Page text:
Sizing Guide

Logscape performance is dependent upon the following factors.

  • The volume of data being searched
  • The number of concurrent users
  • The number of alerts and their frequency
  • The style of search being executed

From a hardware standpoint CPU, Memory and Disk IO are all equally important. To maintain an acceptable user experience, the Disks must be capable of accessing the data fast enough, the CPU able to perform the needed operations on the supplied data and finally there must be enough RAM for both the Logscape processes and OS Kernel caching.

In every environment the ultimate goal is to have a CPU limited environment with enough memory to allow for off-heap useage by Logscape as well as OS kernel caching.

What is the User Experience?

The most common action a user will perform within any given Logscape environment, is search. To guarentee a pleasant experience we recommend sizing your environment so that searches over the last 24 hours worth of generated data, return within 10 seconds.

File System

In order to gather accurate metrics it is reccomended that you use a tool such as ioZone. However rough assumptions can be made based upon disk type.

Type Disk Speed
Mechanical Drive 150Mb/sec
SSD 500Mb/sec
SSD x2 1Gb/sec
(SSD)RAID 5+1 2.5Gb/sec

Using these device speeds, in a scenario where we are searching 10 GB of data, we get the following search times.

Device Dataset Size IO Rate Search Duration
Mechanical Disk 10Gb 150Mbs 66 Seconds
SSD 10Gb 500MBs 20 Seconds
SSDx2 10Gb 1GBs 10 Seconds
(SSD) RAID 5+1 10Gb 2.5GBs 4 Seconds
  • Realworld performance depends upon the processors ability to cope with throughput.
  • OS kernel caching will improve performance where enough memory is left free (50%)
  • Larger deployments will see users searching different sets of data
  • NFS mounted drives will be dependent upon sharing and latency
  • The load of virtualised infrastructure may impact performance and suffer latency

Measuring Cache Performance

Linux cache performance can be monitored using the 'perf' command line tool, you can read more about perf here.

Perf provides metrics about many parts of an application. For this scenario we are interested in "cache misses", a cache miss is generated when the application is forced to read from disk, rather than RAM or the cache. Ideally we would never read from the disk, but this scenario is unlikely, so we're going to aim for below 5% cache misses.

First, we need to determine which is the parent Logscape process, since Logscape runs as part of the JVM and spawns child processes it could be quite difficult. However by using ps aux and grep we can locate it easily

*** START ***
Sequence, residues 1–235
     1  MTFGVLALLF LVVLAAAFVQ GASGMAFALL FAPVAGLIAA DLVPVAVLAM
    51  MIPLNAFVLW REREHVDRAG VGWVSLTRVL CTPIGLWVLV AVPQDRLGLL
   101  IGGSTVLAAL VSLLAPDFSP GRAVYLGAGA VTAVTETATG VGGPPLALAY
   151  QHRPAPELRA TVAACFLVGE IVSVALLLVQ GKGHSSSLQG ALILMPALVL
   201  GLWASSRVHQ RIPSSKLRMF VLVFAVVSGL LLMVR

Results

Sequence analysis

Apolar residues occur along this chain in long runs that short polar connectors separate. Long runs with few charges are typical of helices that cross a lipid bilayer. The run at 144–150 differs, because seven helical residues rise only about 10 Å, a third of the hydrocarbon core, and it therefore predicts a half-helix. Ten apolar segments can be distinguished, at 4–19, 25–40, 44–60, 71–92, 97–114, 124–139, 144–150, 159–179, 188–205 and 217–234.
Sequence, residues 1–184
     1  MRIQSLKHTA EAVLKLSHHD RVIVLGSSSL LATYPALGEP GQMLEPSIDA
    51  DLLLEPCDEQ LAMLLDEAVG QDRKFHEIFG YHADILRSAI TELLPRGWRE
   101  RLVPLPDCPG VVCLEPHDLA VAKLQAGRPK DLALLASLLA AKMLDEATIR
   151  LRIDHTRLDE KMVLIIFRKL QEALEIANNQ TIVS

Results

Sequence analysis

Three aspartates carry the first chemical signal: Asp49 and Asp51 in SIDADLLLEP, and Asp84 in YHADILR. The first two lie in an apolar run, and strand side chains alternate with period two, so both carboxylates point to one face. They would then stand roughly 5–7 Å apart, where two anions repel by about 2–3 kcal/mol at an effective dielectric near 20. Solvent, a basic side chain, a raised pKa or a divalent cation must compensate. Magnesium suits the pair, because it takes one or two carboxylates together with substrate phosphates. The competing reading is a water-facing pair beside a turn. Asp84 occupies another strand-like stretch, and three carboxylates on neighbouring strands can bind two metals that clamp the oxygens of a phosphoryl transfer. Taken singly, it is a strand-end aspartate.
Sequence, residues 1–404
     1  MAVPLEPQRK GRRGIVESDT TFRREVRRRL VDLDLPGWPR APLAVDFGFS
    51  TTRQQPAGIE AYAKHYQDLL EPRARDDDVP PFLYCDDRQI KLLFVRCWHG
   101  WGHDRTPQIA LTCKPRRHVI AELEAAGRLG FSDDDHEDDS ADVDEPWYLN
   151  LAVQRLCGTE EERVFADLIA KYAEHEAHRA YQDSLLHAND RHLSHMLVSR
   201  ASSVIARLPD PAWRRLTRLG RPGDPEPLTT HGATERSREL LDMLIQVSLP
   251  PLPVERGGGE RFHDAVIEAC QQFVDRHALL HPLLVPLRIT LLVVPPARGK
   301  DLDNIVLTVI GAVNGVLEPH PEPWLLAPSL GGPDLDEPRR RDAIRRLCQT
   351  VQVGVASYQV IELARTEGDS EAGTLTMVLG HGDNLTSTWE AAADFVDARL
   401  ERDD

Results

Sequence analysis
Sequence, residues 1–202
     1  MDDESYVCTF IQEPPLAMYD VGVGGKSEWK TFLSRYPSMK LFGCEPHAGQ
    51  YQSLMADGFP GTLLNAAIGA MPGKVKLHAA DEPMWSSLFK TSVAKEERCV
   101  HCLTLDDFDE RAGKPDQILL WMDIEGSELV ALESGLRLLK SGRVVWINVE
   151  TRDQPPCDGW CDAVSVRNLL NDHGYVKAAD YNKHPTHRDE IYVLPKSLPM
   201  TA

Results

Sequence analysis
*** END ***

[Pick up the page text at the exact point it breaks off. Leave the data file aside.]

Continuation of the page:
ps aux | grep vsomain -i

This will provide you with the process id, name and command line paramaters, we're only interested in the process id.

We're now going to make use of perf in order to measure the performance of the Logscape process.

perf stat -p [process_id] sleep 30

After 30 seconds this command will output a variety of metrics regarding the performance of the vsomain process, the metric we are interested in, is "cache misses" if this value is below 5% of all cycles then cache performance is acceptable.

OS Tuning

The Manager and Index Store use considerable operating system resources in large deployments. The number of concurrent open files, network connections and processes can be configured for Linux. Use the following system limits as a guide.

Property Description
nofile > =40000 open file 40000 or more. If the IndexStore hits this limit, Logscape will not be able to process new files or create network connections
nproc >= 100000 If the Index Store hits this limit Logscape will throw an exception each time a new thread is created

You can find more metrics about sizing a linux installation here

Other Considerations

How the number of users affect the Manger - Keep a watch on the memory utilization of the aggspace and dashboard processes when the number of users of the system increases significantly. You may need to increase the heap of these processes ( see table ).

com.liquidlabs.([A-Za-z\.0-9]+)_ | _type.equals(unx-ps) RSZ_MB.max(1,) chart(line-zero)

Large Alert Volumes - If you have hundreds of alerts in your deployment, watch the memory profile of the aggspace and allocate more memory when required.

Indexers - The typical deployment contains a Manager, search operations and data balanced across a few Index Stores and many Forwarders. Some environments make use of Indexers. If you have over 20 indexers in your environment increase the size of your aggspace heap.